But neither policy offers much succour to Tory backbenchers fearful for their majorities, or to those large sections of the public that have yet to feel the tangible benefits of economic revival.
This year's Tory party conference agenda, published yesterday, highlights the discontent felt by many grassroots activists. Motion after motion gives vent to their anger at increased taxes. Conservative ministers may appease loyalists with crude rhetoric on social issues, but yesterday's announcement makes clear that Kenneth Clarke is not, or at least not yet, prepared to loosen economic restraints for the sake of creating a feel-good factor.
In choosing caution, Mr Clarke has given most weight to Britain's higher than expected 3.7 per cent growth rate, which may itself prove to be an underestimate. This suggests a pace of recovery unlikely to be threatened by a small rise in interest rates, which has been long anticipated even if its timing came as a surprise.
Paradoxically, Mr Clarke has demonstrated firm leadership at a time when he has surrendered a degree of control over monetary policy. His room for manoeuvre is less than that enjoyed by his predecessors, now that the minutes of meetings between himself and Eddie George, Governor of the Bank of England, are published regularly. The markets would soon make their disapproval felt if it was discovered that Mr Clarke had ridden roughshod over the Bank's advice.
Politically, Mr Clarke's chosen course also makes sense, whatever its short-term unpopularity. Last year's tax rises were right because he needed to cut the public sector borrowing requirement. Yesterday's interest rate rise should help to extend an economic recovery that might otherwise be overheating in the run-up to the general election. The Chancellor has inflicted pain early, in the hope that it will be minimised in the longer run and forgotten by polling day.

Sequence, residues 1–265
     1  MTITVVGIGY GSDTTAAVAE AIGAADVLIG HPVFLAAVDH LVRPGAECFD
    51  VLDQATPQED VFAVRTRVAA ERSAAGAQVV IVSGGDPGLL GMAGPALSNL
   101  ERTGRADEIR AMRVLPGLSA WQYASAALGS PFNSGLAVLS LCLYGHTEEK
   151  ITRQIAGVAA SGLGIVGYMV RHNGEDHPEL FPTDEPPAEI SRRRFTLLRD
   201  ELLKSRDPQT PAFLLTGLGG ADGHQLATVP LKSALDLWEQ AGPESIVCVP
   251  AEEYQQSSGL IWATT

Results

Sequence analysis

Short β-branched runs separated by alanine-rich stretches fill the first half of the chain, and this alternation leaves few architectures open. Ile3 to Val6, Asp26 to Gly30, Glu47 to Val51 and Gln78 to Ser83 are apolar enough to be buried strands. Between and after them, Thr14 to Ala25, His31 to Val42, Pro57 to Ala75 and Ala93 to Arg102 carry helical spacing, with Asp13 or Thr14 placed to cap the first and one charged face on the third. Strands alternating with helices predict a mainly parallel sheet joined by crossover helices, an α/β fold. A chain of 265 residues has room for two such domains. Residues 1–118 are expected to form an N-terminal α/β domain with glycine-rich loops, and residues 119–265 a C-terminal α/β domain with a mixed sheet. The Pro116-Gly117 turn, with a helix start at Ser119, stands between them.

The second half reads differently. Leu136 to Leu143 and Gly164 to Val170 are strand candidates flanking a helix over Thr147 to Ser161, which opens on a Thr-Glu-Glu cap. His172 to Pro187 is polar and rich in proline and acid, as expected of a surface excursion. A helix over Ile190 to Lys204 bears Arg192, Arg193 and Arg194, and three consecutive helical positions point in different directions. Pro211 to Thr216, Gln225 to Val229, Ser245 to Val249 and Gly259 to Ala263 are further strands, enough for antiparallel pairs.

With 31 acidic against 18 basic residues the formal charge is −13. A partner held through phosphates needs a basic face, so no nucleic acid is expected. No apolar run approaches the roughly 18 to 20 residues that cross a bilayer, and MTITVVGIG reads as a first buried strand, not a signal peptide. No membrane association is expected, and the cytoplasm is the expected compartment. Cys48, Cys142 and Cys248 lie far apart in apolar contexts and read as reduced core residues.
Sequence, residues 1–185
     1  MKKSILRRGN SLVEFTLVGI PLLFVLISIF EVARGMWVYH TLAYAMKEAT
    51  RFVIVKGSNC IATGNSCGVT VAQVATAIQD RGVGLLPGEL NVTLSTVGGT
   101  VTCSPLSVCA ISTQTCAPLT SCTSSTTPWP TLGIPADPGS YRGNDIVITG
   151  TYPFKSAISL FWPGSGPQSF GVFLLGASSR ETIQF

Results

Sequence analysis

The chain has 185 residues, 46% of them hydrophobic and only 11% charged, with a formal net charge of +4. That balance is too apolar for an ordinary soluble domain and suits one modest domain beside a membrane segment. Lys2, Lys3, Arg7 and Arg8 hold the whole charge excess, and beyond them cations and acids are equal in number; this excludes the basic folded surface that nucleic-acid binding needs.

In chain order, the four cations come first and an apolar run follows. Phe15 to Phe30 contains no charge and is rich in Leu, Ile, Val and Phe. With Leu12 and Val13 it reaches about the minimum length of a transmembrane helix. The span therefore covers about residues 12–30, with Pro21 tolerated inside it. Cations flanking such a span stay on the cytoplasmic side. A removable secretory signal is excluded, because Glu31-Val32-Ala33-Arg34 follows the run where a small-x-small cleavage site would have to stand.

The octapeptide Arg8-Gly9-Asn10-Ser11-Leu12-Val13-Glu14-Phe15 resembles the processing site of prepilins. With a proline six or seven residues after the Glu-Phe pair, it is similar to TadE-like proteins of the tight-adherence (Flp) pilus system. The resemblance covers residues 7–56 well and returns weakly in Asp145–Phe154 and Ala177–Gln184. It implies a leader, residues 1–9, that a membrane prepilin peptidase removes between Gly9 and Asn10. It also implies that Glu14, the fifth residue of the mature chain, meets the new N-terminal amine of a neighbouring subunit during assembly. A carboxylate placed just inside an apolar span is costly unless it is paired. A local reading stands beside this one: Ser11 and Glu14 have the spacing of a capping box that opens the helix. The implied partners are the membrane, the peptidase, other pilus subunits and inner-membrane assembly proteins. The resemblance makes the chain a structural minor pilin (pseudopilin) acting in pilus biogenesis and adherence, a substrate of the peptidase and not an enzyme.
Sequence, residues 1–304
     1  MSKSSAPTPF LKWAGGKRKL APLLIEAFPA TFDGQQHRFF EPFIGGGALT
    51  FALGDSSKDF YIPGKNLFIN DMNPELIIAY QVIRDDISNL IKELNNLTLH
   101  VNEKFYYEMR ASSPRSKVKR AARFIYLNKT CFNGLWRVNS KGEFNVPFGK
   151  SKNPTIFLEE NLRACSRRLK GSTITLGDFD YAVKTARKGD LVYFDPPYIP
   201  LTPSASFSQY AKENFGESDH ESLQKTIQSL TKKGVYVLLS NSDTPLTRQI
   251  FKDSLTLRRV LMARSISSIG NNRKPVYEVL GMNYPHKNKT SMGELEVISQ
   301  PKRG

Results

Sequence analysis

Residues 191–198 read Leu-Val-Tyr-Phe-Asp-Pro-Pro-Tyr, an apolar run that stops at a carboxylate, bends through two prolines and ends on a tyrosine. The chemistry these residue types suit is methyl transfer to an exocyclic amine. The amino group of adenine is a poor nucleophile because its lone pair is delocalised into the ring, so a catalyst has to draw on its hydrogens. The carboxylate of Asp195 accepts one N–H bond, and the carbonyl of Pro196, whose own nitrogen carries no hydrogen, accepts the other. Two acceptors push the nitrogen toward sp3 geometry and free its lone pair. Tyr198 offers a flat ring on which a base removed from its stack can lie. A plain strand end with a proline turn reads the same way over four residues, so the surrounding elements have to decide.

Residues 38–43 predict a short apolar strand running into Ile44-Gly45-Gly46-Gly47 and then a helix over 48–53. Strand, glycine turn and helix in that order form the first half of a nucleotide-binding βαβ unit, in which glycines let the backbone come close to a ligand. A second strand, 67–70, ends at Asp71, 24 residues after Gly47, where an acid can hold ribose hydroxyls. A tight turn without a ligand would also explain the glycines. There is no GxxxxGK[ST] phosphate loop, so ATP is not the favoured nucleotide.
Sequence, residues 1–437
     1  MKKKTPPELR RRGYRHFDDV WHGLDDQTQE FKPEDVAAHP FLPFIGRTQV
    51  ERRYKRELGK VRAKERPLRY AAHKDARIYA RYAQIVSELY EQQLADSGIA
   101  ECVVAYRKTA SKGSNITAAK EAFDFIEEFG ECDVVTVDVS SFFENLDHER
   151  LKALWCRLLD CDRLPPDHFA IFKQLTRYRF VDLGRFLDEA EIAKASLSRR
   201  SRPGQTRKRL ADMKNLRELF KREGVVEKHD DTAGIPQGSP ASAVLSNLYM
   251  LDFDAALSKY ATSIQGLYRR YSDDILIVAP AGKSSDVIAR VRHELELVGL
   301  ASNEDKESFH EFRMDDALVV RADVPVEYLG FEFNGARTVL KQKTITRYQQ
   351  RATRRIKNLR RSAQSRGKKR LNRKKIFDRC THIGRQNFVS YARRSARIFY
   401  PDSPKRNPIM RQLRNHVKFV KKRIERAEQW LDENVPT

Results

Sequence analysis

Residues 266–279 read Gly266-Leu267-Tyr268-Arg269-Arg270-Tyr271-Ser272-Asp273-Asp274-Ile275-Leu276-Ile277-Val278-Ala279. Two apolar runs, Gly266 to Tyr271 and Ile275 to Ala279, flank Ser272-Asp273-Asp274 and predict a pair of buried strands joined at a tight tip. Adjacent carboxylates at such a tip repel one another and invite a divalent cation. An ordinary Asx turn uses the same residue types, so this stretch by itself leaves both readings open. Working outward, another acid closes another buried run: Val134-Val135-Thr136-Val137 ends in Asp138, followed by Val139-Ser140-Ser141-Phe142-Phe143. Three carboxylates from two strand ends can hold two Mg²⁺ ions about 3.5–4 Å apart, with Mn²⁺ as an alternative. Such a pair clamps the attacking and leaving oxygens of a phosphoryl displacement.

It is unlikely, however, that a Chancellor as political as Mr Clarke will want to cast himself indefinitely as Mr Proudly Prudent. His eye must already be fixed upon the Budget of November 1995, when presumably he will want to cut direct taxes and restart an election campaign bandwagon that will paint Labour as the party of high taxation.
It is not inconceivable that, by this point in the cycle, a reduction in the overall fiscal burden may be feasible; the judgement ought to depend upon the prevailing performance on inflation, the budget deficit and, who knows, perhaps even some re-emerging concern about the relationship between sterling and other European currencies. The problem is that prudent Chancellors don't always win elections.Reuse content